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Ten Steps to Financial Wellness – Twin Cities

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Bruce Helmer and Peg Webb

References to financial wellness are everywhere these days—in updates from your workplace pension plan to self-help books and personal finance media. It’s a hot topic as people look beyond their retirement assets to consider a range of financial health issues, from mental health and work-life balance to emergency funds and cash management.

What exactly is financial wellness and how can you achieve it? The US Consumer Financial Protection Bureau defines financial well-being as “a state in which a person can fully meet current and ongoing financial obligations, can feel secure in their financial future, and is able to make choices that allow them to enjoy life.”

Broadly speaking, the quest for financial wellness begins with setting specific financial goals. Goals should be achievable and may include one or more of the following 10 steps to financial wellness:

1. Increase your financial understanding. Read blogs or books about finances, or sign up for an educational seminar or webinar. Your local public library can be an excellent resource. While much of the written content these days is specifically aimed at specific audiences such as millennials or Gen Xers, a great deal of it is more general. Listen to podcasts. Our company offers a wealth of resources on the Insights page of our website, wealthenhancement.com.

2. Create a net worth statement. Write down all the assets you own (eg your house, stocks, bonds, cash, personal belongings) on one sheet of paper and subtract from that number anything you owe (eg outstanding mortgages, lines of credit, car – or university loans, and so on). This gives you a good picture of your household net worth, a very useful financial planning tool. Be sure to do this every year to see if your net worth is increasing or decreasing.

3. Track your consumption. Even before you can set a budget, you need to have a clear idea of ​​where your money is going each month. Use a notebook or app to track money and record what you spend each day in the “must spend” and “nice to spend” categories. Often your bank or brokerage firm will have an app that pulls at all the different threads in your spending, which can help you set a monthly budget.

4. Reduce unnecessary expenses. If you’re not getting the most out of the products and services you buy each week, it might be time to cut back on exotic coffee, video streaming services, or cable services. But don’t remove all the fun stuff in your life! Balance is key, so when you want to splurge on something you really like, you won’t feel regret or guilt about it.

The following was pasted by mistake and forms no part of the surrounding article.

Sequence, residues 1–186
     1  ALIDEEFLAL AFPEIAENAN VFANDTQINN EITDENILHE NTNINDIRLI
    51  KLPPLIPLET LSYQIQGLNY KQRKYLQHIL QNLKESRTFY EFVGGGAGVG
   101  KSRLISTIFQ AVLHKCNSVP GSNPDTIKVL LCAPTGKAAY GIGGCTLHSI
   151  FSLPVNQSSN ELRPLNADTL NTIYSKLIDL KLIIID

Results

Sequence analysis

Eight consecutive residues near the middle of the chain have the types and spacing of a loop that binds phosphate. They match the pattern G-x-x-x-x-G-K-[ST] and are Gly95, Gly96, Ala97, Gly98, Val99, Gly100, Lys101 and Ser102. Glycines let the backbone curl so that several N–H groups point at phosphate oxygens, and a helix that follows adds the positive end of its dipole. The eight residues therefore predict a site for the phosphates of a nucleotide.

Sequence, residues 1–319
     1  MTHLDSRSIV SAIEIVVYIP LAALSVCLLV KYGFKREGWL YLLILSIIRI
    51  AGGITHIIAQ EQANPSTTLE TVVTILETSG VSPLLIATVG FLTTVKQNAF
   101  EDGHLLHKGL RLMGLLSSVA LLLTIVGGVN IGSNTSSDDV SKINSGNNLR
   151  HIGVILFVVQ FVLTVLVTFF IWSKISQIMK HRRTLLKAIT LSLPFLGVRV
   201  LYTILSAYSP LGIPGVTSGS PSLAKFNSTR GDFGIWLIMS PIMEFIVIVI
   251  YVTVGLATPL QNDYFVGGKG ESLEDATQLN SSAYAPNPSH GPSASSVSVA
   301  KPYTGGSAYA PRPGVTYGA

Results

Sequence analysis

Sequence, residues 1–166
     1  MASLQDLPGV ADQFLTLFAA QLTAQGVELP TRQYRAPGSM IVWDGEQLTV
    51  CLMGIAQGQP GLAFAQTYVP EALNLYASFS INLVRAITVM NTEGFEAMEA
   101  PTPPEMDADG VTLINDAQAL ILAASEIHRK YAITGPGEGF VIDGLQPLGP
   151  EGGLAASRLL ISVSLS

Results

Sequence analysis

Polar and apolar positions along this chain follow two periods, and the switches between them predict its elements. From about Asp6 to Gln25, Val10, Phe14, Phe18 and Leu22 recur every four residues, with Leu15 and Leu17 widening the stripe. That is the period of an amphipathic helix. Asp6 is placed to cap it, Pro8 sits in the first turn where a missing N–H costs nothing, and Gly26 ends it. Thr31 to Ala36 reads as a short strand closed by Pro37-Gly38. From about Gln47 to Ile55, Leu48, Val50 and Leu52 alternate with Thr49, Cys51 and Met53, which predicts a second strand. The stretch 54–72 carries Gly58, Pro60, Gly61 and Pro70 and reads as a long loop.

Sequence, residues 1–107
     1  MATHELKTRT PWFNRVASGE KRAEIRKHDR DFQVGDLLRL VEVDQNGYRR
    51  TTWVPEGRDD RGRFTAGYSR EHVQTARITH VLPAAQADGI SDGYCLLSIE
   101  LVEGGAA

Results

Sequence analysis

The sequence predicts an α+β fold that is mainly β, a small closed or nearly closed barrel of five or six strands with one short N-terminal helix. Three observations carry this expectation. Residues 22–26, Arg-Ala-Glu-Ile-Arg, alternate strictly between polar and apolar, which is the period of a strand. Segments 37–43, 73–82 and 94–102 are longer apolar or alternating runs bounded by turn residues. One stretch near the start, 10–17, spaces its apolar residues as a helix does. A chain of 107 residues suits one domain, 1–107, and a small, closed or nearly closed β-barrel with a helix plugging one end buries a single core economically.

5. Increase pension savings contributions. Consider increasing your contributions each year for each salary increase you receive, or at least enough to qualify for the employer match. The tax code allows you to make catch-up contributions to your 401(k) or IRA after age 50. That said, be careful not to put too much into these accounts that could hit you with a big tax bill. way. It’s always a good idea to talk to a financial advisor to see how boosting your savings applies to your personal situation.

6. Pay bills. Reduce what you owe by paying off loans, credit cards and other debts (especially those with high interest rates). I know it sounds nagging, but you shouldn’t take on more debt than you can comfortably handle. Shop around for the best deal before you take out a loan and avoid carrying a balance on your credit cards if possible.

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7. Create or add to an emergency fund. Squirrel away at least six months of living expenses, especially if your job is not secure, or there is a risk of disability in your family, or if you have an unexpected car or home repair. You don’t need an immediate emergency fund, day one – start small and build it up over time. And keep this emergency money in relatively safe, liquid funds. You can always transfer any excess emergency savings to your “long-term” investment account.

8. Check your credit report or score. Your rating affects your ability to qualify for credit and the terms of that credit, so even if you always pay your bills on time, it’s important to check your scores periodically. Additionally, you can’t be too careful about identity theft and credit card fraud cases. If you find errors, contact the credit rating agencies and challenge anything that is wrong. (You can check your credit score for free once a year through the major credit reporting agencies; visit AnnualCreditReport.com or call 1-877-322-8228.)

9. Review your asset allocation. At least once a year, sit down with your advisor to determine if your allocations still match your goals. Be honest about your expectations, especially when inflation is running high and markets have been volatile. Even if you manage your own money, do a self-assessment of whether your allocation (and risk budget) is still appropriate.

10. Work with a financial advisor. Achieving financial wellness is a complex task, even more so if you own many assets and/or sources of income, have a child with special needs, or have a complex tax situation. Having a counselor in your corner can be a big help in these situations. And even if you like to be in control of most of your financial decisions, having someone challenge your assumptions and provide a second opinion can be invaluable.

This list may look daunting, but you don’t have to do everything at once. Pick one or two financial wellness goals and work on them at your own pace. Soon you will develop confidence in your ability to achieve the financial success you have always wanted.